The farmer's market is back in McMinnville. Over the winter you slowly forget how wonderful such small things can be. Just a block long with maybe two dozen producers, markets like this hold treasures supermarket buyers, including Whole Foods et al, can't give us. Every Thursday now through late fall you'll find me at the market.
Today's treasure was lion's mane mushrooms. As usual, each visit to a farmer's market I approach without a recipe in mind, letting the local provenance guide me. With the beautiful mushrooms I added to my bag some fresh organic eggs, chives and the excellent aged Gouda from the Willamette Valley Cheese Company. Warm crusty baguettes from the Red Fox Bakery, just picked greens and a pint of fresh strawberries from a small organic farm guaranteed a perfect dinner.
The meal could not have been simpler:
4 or more large lion's main mushrooms (or other meaty, flavorful fresh mushroom) chopped into large chunks
2 cloves garlic peeled and smashed
Extra Virgin Olive Oil
A small wedge of aged cow's milk cheese like Willamette Valley Cheese Company's aged Gouda cubed
Minced fresh chives
Salt and pepper
5 large eggs with salt and pepper beaten lightly with a fork - using good eggs is very important so look for eggs with yolks that tend more towards orange than yellow
- Smash the cloves of garlic, add 2+ tablespoons (depends on how big the mushrooms are) good extra virgin olive oil to a non-stick sauté pan over medium high heat (don't let it smoke), add the garlic and cook until golden brown, but not burnt, then remove and discard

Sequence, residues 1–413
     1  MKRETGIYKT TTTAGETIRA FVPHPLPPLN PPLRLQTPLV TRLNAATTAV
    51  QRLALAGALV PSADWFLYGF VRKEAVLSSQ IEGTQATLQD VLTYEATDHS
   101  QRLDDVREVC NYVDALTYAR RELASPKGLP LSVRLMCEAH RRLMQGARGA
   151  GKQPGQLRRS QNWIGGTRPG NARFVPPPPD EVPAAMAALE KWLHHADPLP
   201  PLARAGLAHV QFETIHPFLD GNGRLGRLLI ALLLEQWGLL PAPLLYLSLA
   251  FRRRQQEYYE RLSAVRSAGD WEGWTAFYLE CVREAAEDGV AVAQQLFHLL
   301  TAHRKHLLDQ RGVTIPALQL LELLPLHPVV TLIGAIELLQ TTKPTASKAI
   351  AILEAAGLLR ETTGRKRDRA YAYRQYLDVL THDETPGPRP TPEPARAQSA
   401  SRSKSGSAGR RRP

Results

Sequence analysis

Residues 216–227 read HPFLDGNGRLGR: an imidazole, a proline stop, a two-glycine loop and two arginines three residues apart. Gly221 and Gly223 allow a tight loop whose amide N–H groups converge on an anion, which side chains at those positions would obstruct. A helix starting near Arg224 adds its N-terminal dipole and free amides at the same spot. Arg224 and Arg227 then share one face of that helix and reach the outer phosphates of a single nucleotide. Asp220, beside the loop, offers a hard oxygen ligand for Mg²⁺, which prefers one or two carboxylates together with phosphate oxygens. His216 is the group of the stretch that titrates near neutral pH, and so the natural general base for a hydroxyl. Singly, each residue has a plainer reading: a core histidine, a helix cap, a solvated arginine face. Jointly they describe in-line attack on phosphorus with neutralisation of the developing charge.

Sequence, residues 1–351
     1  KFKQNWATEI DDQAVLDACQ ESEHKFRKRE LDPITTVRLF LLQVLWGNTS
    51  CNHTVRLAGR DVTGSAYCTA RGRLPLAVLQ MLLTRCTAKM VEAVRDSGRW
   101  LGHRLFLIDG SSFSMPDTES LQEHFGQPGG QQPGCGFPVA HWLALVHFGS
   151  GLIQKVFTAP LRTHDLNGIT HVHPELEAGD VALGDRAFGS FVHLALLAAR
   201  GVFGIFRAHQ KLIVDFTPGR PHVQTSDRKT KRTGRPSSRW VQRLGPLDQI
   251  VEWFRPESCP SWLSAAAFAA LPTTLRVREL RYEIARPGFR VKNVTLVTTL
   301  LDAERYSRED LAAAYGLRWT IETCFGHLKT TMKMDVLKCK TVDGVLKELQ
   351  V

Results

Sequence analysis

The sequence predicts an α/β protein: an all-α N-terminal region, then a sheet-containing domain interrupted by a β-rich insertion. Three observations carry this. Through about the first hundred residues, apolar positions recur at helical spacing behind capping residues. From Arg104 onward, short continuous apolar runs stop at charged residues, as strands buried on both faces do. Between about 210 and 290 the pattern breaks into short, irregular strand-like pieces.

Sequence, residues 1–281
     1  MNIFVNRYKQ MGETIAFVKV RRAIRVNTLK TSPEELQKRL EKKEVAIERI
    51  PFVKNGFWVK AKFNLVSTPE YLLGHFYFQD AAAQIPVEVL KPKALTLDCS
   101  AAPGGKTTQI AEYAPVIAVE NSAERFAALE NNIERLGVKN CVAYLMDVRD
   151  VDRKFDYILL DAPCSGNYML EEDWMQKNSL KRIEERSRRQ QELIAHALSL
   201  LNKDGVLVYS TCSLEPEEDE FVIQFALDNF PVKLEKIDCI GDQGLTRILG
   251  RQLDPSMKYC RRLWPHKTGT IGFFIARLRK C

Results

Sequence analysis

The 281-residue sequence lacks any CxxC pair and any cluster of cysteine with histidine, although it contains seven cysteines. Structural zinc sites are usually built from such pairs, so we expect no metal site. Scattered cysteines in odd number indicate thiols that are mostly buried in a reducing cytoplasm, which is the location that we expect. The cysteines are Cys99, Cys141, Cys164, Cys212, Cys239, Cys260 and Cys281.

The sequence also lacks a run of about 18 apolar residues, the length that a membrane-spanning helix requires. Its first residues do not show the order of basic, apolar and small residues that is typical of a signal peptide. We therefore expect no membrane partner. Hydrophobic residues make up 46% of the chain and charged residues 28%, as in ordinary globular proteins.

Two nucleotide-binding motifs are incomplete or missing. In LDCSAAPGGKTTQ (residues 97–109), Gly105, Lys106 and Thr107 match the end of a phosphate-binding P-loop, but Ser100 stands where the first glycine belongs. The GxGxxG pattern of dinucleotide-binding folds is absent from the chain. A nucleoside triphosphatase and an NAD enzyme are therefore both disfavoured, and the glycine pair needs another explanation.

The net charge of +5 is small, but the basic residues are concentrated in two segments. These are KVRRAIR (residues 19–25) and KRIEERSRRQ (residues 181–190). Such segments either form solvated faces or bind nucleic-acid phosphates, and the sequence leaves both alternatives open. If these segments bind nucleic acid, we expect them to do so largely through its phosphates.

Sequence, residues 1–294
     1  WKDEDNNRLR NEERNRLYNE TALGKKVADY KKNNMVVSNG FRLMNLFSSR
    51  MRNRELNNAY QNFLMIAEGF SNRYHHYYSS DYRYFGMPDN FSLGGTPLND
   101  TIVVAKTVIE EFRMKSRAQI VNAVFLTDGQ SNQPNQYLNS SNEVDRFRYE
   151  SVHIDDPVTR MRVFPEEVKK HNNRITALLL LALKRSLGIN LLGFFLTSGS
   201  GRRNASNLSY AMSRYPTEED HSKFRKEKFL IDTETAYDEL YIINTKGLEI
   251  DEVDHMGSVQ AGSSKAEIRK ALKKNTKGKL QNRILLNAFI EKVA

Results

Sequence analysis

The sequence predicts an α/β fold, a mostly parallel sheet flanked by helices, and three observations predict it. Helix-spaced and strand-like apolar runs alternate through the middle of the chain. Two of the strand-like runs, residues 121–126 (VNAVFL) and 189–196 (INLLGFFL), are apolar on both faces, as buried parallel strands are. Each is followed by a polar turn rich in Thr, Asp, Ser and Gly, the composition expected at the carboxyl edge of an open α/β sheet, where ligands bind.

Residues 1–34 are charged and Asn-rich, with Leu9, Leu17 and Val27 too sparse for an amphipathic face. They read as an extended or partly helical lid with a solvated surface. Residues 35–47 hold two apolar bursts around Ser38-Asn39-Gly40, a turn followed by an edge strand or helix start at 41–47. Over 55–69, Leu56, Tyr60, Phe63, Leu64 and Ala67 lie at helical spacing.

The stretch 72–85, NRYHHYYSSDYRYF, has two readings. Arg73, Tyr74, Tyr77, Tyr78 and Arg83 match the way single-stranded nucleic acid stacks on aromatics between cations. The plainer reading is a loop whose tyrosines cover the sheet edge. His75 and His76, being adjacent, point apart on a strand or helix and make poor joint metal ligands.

- Continuing over medium high heat add the very coarsely chopped lion's main mushrooms to the hot oil and stir fry for one minute.
- Add beaten eggs, chopped chives, cubed cheese salt and pepper and scramble until just cooked
- Serve immediately with fresh salad and bread
To match with this very local food I strangely enough grabbed a bottle from far, far away. The 2006 Domaine de La Gramière Côtes du Rhône, which is produced by two Americans, Amy Lillard and Matt Kling, who are living a dream that many of us have as they are living and making wine in France. I had resisted opening this wine for almost a year now as I felt it really needed a little time to come together and my patience was well rewarded. The wine has broadened and gained more complexity and aromatics. This is one of those wines that is big to the French, but medium bodied to Americans. I love the meaty, smoky butcher shop aromas this wine has developed along with the bright, ripe black fruit flavors. I think it's going to get better for another year or so, but now that it's this good I don't know how I'll keep my hands off of it that long! La Gramière is imported by Kermit Lynch.
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